The centerpiece of the policy worked out last September is a Voluntary Disclosure Program (VDP) under which firms, NGOs or individuals who work as contractors on Bank projects are to report their corrupt acts regarding Bank projects for the last five years. In return, the penitents receive confidentiality and the right to continue bidding on Bank projects, all of which actually immunizes wrong-doers while allowing the Bank to cover up its own negligence and/or political agenda.
Hmmm. Written confessions on file. Another nice touch that.
Practically speaking, the program is just dumb. Corruption is part of the organizing structure in the developing world. If you are opening a prenatal care center or a silver mine, doesn't matter which, and the local chief wants his palm greased to demonstrate to the tribe your desire to be part of the community, you are not going to waste the daily cost of labor, of maintaining site infrastructure, and of interest on business loans, to march back to the capital and file a complaint. You are going to darken that man's palm, viewing it not as a bribe but as a tax, and one with the advantage of being directly negotiated. Under Wolfowitz's plan, any rational expediency or opportunity cost could be labeled as criminal conduct.
Wolfowitz has cut off funds to Chad, delayed projects to Kenya, and ordered a stoppage of funds to the Congo and Ecuador (which expelled their in-country World Bank representative today) over various corruption issues and charges, which have mostly served to create confusion and resentment. Critics charge that his concerns regarding what are inarguably high levels of corruption in World Bank projects evaporated when considering lending for Iraq, Pakistan and Afghanistan. Money further flowed to the countries Wolfowitz once recruited to sign on to Washington's counter-terrorism agenda. In the same vein, he elevated nationals from Spain, from San Salvador, and from Jordan – all nations that strongly backed the US invasion of Iraq – to extremely sweet positions within the Bank hierarchy. In contrast, when Uzbekistan denied landing rights to American military aircraft he promptly suspended their Bank program.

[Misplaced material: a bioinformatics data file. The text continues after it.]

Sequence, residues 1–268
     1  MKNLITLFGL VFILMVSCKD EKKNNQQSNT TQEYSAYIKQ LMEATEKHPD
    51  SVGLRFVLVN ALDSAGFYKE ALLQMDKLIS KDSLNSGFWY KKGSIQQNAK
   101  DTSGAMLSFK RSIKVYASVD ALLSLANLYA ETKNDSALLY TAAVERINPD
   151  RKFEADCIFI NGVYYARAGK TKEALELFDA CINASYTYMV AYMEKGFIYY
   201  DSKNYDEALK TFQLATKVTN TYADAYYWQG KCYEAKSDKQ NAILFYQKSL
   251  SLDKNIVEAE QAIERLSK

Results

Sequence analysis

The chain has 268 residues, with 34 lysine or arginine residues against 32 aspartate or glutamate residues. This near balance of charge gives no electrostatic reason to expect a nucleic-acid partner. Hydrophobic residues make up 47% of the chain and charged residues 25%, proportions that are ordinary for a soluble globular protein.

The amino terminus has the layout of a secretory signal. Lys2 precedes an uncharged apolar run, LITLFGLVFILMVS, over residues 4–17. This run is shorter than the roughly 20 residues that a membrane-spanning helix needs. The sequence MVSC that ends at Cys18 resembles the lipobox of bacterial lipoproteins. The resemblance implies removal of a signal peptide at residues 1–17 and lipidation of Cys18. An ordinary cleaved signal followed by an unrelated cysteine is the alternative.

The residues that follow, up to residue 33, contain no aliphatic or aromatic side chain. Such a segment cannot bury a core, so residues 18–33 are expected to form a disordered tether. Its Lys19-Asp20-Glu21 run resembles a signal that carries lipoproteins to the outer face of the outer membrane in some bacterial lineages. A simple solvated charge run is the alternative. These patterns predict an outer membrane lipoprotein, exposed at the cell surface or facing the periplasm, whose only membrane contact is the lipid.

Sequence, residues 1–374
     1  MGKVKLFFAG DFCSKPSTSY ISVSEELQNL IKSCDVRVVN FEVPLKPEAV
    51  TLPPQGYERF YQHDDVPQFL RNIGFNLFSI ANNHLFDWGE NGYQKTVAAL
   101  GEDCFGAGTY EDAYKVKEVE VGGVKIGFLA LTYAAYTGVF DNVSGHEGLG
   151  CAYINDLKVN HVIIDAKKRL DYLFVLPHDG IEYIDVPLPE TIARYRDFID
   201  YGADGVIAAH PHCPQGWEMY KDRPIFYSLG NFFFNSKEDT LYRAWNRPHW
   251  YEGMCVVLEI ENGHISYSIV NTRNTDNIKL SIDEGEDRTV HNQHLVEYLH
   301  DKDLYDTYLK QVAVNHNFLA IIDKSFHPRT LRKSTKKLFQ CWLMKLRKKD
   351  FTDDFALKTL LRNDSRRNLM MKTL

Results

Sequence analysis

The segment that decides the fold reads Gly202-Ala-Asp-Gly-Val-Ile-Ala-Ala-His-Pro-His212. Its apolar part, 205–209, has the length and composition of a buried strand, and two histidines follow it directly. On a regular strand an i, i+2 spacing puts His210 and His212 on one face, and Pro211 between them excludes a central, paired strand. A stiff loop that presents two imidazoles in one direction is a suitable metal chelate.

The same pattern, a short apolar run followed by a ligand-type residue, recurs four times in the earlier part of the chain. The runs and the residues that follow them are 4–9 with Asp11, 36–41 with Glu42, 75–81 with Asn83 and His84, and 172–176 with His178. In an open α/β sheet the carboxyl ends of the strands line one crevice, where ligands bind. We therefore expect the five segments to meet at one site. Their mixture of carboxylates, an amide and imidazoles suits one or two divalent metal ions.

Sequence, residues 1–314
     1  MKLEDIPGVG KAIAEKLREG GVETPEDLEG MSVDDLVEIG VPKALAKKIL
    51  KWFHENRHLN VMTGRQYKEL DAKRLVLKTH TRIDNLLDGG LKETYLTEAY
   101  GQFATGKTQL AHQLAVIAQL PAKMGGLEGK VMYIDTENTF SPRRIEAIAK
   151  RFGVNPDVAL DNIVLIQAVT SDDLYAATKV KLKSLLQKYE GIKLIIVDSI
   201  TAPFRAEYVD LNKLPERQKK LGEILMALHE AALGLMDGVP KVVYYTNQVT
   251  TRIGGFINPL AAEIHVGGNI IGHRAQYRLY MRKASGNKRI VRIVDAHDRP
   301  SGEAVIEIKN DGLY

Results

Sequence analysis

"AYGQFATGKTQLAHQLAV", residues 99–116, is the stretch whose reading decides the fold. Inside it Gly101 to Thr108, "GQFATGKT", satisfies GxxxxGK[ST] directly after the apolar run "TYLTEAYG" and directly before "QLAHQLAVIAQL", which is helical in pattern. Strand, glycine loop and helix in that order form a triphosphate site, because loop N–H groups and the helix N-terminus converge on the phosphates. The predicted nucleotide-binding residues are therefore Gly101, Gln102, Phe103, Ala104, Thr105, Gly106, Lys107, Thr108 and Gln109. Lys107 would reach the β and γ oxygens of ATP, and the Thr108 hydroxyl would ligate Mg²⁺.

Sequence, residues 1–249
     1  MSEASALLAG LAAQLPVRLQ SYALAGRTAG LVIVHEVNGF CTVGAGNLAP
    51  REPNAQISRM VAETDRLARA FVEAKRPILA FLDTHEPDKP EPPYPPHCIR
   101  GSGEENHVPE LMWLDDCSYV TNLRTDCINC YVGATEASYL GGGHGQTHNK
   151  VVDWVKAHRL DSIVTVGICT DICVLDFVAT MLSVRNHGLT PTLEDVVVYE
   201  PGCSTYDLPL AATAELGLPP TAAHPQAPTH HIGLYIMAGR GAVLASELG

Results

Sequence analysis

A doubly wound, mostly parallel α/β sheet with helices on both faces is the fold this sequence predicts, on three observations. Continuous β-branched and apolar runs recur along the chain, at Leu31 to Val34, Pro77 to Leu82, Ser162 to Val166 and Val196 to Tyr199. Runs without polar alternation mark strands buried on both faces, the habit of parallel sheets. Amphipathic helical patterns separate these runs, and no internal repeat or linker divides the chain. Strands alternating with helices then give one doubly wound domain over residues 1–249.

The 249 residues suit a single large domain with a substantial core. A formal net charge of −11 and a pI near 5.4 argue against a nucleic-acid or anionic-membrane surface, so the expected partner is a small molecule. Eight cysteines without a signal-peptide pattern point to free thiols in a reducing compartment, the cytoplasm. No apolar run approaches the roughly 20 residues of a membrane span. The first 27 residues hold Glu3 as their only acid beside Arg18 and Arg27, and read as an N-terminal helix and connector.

By demonstrating that good things and huge streams of cash flow to those countries and individuals that sign on to U.S. aggressions, Wolfowitz is slowly laying the basis for a new exploitation, i.e. the option of contributing troops to US global adventures via an expanded Nato in return for grants. (Grants are flexible, they can be loaded with extraneous political conditions. Loans are precise, legal documents with troublesome consequences if defaulted.)
It might seem surprising but the bank has always had a problem with lending. It was never much of a force in the reconstruction of European industry. By the early '50s there was little demand for its lending, it should have been dismantled then.
Instead, to solve its problem, the Bank cooked up a new agency funded through the donations of wealthy nations that would subsidize credit at zero percent interest on 50-year loans! Thus was born the International Development Association (IDA) which is the funding that allowed the Bank to plunge into the developing world, where it has been disastrously wasting money and harming developing countries ever since, not to mention taxpayers, who are compelled to bail out the bankers cyclically.
The Bank is completely unnecessary. In a world in which central banks are pumping out money and global liquidity is at tsunami levels, there certainly is no need for preferential government-organized taxpayer-subsidized loans. The poor would have been much better served over the decades by arranging for loans on a commercial basis as the discipline required to fulfill standard obligations would represent an economic and political advance for a developing nation, the right of contract being essential to prosperity.
Currently the Bank is in an IDA donor drive, an every third year affair. Contributions are way, way down.
The U.S.'s 16% ownership of the Bank puts it in the institution's driver's seat. Wealthy countries are not eager to donate money for the as yet unknown specifics of what is now viewed as an alarming US foreign policy. Why should anyone sign on to possible future U.S. aggression indirectly through World Bank lending?
Wolfowitz's agenda puts at risk a very cozy world based on the post–World War II modus operandi in which dollar loans are extended to undeveloped and impoverished nations in order to grab control over their resources and governments. The main point is the loan, not the borrower's ability or commitment, but the lender's claim on national collateral. The corruption emerges from institutional action, action inherent in and according to the World Bank's design as a political lender masquerading as a humanitarian enterprise, and nothing effective can be done about it as long as the institution exists. Reform is not an option, only elimination.